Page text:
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Public Expenditure on Old-Age Income Support in India: Largesse for a Few, Illusory for Most

Mukesh Anand and Rahul Chakraborty ()
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Rahul Chakraborty: National Institute of Public Finance and Policy

Working Papers from National Institute of Public Finance and Policy

Abstract: Policy enunciation often remains hostage to a program-centric approach for plan-ning and reform in developing countries. Old-age income support in India faces such a policy predicament. Extant studies deciphering related public expenditure thus carry lim-itations on (a) system expanse, (b) corresponding data collation, and therefore (c) depth of resource conscription. Benchmarking to the five-pillar architecture advanced by World Bank for old-age income support system, this paper traces (a) public expenditure, (b) av-erage benefits, (c) workers included, and (d) elderly covered, under each pillar in India. The constituents for respective pillars in India are heuristically identified and data on expenditure by federal and sub-national governments are collated or estimated using government finance accounts and annual reports. Workers and elderly covered under each pillar are estimated using data drawn from diverse sources on identifiable groups. The study finds that, the extant system in India presents a larger and rising burden on sub-national governments, with implications for macroeconomic balance. In 2013-4 the elderly comprised 8.6 percent of the population and old-age income support system entailed 11.5 percent of public expenditure of combined federal and sub-national govern-ments. Less than two percent of it constituted co-contributions in the nature of capital expenditure. Only 43 percent of 118.36 million elderly drew benefit from public expendi-ture and more than 85 percent workers remain excluded from the system. Including those drawing social pension, 70 percent of all beneficiaries collect less than the rural poverty line drawn at INR 11016 per annum. The paper suggests (a) capping defined-benefit for exceptionally privileged, (b) re-form of regulatory paradigm to harmonize contributory schemes, dissolve exclusive (sec-tion, sector, or region-based) approach and adopt inclusive principle to widen coverage, (c) unrequited sustained contribution by government for low-income earners and under-privileged, and (d) assimilation of information technology enablers for effective and effi-cient targeting of social pension. Pension policy reform anywhere, often faces arduous implementation, and extant processes in India merely tinker with inception of an essentially long gestation procedure.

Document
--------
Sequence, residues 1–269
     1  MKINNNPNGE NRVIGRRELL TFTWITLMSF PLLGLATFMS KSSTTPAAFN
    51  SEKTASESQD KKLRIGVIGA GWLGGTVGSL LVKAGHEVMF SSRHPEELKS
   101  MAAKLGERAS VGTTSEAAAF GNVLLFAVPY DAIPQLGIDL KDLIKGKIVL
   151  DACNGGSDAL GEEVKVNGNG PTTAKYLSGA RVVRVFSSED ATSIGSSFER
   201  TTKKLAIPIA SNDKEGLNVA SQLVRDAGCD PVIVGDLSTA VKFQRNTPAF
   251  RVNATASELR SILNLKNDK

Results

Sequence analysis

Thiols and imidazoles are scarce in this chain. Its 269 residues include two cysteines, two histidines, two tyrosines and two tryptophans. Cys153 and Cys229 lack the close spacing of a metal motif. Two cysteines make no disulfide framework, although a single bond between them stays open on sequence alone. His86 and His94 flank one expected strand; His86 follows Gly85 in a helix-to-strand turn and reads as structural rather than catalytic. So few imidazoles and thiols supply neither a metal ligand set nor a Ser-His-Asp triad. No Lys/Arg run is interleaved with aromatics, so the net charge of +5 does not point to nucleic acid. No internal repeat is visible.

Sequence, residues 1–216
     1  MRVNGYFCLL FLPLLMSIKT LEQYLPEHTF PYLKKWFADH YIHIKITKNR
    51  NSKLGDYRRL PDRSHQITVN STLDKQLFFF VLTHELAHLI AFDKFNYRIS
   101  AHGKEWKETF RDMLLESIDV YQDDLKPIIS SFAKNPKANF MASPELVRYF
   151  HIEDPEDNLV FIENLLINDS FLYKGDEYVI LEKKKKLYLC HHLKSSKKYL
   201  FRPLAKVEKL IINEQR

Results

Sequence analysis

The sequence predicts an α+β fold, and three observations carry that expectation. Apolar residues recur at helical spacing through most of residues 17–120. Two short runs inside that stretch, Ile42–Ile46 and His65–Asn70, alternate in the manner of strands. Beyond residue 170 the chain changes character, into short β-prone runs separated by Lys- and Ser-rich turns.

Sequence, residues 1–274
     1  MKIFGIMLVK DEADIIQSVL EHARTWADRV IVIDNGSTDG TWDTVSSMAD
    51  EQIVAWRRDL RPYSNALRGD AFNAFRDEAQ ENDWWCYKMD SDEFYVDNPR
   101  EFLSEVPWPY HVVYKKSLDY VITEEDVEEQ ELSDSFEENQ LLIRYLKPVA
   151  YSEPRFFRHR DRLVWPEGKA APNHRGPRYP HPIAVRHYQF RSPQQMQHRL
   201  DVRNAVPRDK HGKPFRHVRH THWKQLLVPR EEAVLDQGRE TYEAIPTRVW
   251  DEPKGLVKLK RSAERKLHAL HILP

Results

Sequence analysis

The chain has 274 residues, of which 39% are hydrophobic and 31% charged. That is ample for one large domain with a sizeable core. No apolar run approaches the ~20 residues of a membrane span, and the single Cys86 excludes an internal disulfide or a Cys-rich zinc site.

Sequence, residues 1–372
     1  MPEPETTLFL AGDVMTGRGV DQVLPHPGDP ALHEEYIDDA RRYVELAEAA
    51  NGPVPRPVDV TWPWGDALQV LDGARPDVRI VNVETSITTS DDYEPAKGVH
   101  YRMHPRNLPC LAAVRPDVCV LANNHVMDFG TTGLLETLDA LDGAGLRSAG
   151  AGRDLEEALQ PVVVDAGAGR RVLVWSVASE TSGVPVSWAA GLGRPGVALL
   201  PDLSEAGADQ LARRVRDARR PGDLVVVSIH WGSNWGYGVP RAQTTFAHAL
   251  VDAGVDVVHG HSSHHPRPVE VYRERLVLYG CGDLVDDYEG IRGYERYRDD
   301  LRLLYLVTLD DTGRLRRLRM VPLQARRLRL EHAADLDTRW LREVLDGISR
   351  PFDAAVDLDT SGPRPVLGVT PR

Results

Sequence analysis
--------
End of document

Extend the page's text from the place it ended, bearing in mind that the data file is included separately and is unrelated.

Keywords: Pension in Developing Countries; Public Expenditure; Social Security System in India (search for similar items in EconPapers)
JEL-codes: H55 J14 (search for similar items in EconPapers)
Pages: 56
Date: 2019-02
New Economics Papers: this item is included in nep-age and nep-ias
Note: Working Paper 253, 2019
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